When it comes to reading, I love most genres out there whether it is an epic fantasy novel, a captivating historical fiction, a scary horror thriller, or a heart-wrenching love story. In todays post I want to share my review of Matthew Knights first fantasy novel Symphony of the Moon I: Homecoming.
The book was quite an enjoyable read and I was very pleased to have received a free copy in return for an honest review from the author. There was a lot of fascinating aspects and elements to Knight’s novel that aren’t easily found in most. The world he created is quite an engrossing one.
Now for a quick note, I have just enrolled for the new semester and school will be starting back up at the end of the month, so I am not sure how that is going to affect my posting but hopefully as my workload this semester is pretty light, there will be still plenty for me to share. The exciting thing is that I am taking some fundamental writing courses and Advanced creative non-fiction which will be very helpful towards my writing skills as a whole.
Alright, well without delay, on to the promised book review….
My first thoughts of Symphony of the Moon is that this is not reading for the feint of heart. If what readers seek is a quick casual lighthearted read then this one isn’t it. Knight’s novel is an incredibly deep story with intricate cast of characters set in a vastly complex world that suck you right in.
The book managed to capture my interest right in the prologue. Readers get to see an immediate sense of foreboding dread when the story opens to a normal average woman and her small son at home in their house preparing for their dinner in the kitchen while waiting for the husband to return to work. A knock at the door alerts readers to something being not quite right.
The emotion and anticipation of what is going to happen is solidified through the characters actions and words. An example of this are just subtle hints, like the young mother’s worrying over the a strange knocking at the door so she grabs her husband’s sword before answering the knock.
Knight’s strong writing skills comes from the fact that he allows the characters to carry the weight of the story. They show us readers everything that is important to know. The author has no need for explaining or spelling anything out to the readers because the characters do this incredibly well all on their own. In my opinion, this is the shining example of a talented writer. It’s important to have strong characters that make the story matter…
My favorite part of Knight’s book is the mystery I got to see unravel and play through while Androma, Tilica, and other characters work their hardest to figure out why certain families are being murdered and targeted.
There is a lot of stuff going on that are at play in this book, characters with mysterious past coming back to make them face it, a crime thriller that will keep you interest, and fantasy journey with elements with lots of magic, creatures, and everything a reader could want all in one package.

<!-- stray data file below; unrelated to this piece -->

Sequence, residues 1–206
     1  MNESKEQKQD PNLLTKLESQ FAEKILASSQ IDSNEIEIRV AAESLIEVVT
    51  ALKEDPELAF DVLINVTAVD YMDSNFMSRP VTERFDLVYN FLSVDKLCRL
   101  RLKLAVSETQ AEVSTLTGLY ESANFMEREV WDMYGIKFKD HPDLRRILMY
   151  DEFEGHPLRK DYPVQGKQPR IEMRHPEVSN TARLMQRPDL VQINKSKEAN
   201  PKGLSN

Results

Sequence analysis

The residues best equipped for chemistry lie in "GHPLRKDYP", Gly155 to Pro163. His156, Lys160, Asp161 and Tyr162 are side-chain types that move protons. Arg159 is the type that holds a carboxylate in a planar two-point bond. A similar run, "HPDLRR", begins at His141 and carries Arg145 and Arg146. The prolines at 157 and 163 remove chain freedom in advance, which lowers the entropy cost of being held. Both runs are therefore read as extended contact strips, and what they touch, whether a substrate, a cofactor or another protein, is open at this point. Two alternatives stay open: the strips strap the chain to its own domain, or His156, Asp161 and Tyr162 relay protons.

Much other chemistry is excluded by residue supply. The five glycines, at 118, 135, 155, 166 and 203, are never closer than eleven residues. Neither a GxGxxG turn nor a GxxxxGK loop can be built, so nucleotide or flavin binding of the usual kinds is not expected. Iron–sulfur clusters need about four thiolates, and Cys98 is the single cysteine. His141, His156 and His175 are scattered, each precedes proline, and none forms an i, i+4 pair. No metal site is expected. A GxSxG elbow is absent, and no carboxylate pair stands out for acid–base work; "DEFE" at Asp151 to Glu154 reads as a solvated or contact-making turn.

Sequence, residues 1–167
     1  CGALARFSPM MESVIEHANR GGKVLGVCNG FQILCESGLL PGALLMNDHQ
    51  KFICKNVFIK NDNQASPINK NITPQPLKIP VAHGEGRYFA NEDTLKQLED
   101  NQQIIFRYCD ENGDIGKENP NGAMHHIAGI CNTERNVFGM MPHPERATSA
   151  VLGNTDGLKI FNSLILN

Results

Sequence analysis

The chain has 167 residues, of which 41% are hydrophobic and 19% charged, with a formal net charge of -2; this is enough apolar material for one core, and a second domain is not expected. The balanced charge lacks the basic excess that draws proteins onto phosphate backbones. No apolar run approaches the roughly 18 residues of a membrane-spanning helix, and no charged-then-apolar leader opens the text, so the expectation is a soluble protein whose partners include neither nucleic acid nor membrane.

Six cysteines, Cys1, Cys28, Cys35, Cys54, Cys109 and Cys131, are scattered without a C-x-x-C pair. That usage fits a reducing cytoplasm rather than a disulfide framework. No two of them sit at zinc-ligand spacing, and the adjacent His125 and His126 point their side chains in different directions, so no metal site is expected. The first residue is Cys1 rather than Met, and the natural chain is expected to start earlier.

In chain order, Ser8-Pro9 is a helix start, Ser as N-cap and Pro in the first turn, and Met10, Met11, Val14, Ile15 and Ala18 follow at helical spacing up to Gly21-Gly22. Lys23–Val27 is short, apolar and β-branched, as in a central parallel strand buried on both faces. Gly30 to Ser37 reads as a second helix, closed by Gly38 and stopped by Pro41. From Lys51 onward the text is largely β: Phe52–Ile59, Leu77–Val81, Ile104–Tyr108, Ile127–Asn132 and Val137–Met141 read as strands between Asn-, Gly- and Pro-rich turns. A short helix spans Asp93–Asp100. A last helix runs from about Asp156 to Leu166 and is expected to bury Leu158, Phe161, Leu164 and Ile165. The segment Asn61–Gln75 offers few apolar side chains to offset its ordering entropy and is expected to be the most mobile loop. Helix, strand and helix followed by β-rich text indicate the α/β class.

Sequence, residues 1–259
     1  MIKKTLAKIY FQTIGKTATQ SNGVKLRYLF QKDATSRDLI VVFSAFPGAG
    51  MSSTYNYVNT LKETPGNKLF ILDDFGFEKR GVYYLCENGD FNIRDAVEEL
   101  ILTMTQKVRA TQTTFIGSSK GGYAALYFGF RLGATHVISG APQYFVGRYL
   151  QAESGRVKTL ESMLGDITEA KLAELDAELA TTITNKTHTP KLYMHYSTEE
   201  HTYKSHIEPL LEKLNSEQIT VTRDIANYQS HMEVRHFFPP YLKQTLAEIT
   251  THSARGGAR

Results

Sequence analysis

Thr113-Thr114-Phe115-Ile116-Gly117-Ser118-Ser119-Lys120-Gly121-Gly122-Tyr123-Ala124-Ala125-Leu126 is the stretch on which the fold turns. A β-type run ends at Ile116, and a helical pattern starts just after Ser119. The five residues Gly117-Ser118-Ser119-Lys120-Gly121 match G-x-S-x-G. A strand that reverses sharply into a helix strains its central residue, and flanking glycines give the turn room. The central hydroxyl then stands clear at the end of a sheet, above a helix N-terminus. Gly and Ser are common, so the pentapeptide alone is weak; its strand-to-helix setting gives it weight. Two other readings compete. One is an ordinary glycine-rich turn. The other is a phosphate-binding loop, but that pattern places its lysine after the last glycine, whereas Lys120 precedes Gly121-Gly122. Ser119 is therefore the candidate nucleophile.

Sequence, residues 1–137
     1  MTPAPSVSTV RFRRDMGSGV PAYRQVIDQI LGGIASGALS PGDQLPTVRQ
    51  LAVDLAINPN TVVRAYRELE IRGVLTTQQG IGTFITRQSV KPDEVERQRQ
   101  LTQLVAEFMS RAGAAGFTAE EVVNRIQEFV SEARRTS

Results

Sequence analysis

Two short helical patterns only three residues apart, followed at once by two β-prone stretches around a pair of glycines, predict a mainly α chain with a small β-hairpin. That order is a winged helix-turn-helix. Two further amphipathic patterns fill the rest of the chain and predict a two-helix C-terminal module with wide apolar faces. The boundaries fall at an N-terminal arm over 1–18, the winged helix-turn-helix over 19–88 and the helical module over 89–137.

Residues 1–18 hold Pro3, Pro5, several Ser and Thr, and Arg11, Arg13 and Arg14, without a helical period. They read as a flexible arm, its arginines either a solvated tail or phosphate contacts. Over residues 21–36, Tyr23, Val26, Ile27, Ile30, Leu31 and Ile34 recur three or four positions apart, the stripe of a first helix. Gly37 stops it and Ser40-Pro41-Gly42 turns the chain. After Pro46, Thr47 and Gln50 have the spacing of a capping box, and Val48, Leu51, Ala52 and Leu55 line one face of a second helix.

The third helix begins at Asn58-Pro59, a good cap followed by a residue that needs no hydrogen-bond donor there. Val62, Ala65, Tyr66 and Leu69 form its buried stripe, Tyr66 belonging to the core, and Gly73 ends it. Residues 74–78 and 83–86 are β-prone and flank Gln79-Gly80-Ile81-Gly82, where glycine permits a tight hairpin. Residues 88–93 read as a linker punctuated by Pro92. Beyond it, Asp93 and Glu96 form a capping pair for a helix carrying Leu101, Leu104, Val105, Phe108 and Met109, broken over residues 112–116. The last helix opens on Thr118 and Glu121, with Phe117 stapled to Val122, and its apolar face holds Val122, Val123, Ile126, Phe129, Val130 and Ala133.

Without dropping any spoilers for those who haven’t read, this book is a long ride that is well worth it the time because everything connects and has meaning. It was quite fun to see how where everything winds up by the end.
I highly recommend giving this book a go but be prepared for a long read. I really enjoyed it and am even thinking about giving it a second read. The story is so big and vast, I am certain that I missed things and found the book interesting enough for another read so I can really take it in again before Knight releases the second book for the series.
“This is what we become, all the children of war!”
A blood red moon threatens to rise on this night, dragging a disgraced Aethenguard captain back to the place that he swore he would never set eyes upon again.
Androma Illaerion, ex-captain of the city’s Aethenguard, is forced out of his retirement to investigate the brutal murder of a family of aristocrats which has shaken the upper class district of Quenstria to it’s core. This tragedy would not be the last. As each new body lands, evidence of a long-forbidden sorcery silently spreading it’s way through the city comes to light.
Moonfire: The sapphire star-flame that terrorized the dawn of Nasrathean kind.
Indeed, after almost five-hundred years of absence, the maddening fire has made it’s return to the city of Solrasia. What could this mean for the citizens of this once-proud, now corrupt and destitute city of greed and division? More still, what links could it have to the Faithful Yarn, a long-active cult dedicated to the Weaver, creator of all Nasrathean kind?
This winterfall season, madness has come home, with burning eldritch fire upon it’s shattered claws, and an army to sate it’s unquenchable thirst for revenge. Revenge against the guard. Revenge against those who had abandoned it.
But revenge always comes at a cost, as any who have found themselves ensnared in such foul, shaded tendrils of anger and hate would know. What greater cost than one’s very soul? Terrible entities existed in these lands long ago, in the distant annals of past cycles of time. Those entities have designs, too. Designs against the plane they once knew.
Designs against the stars themselves…
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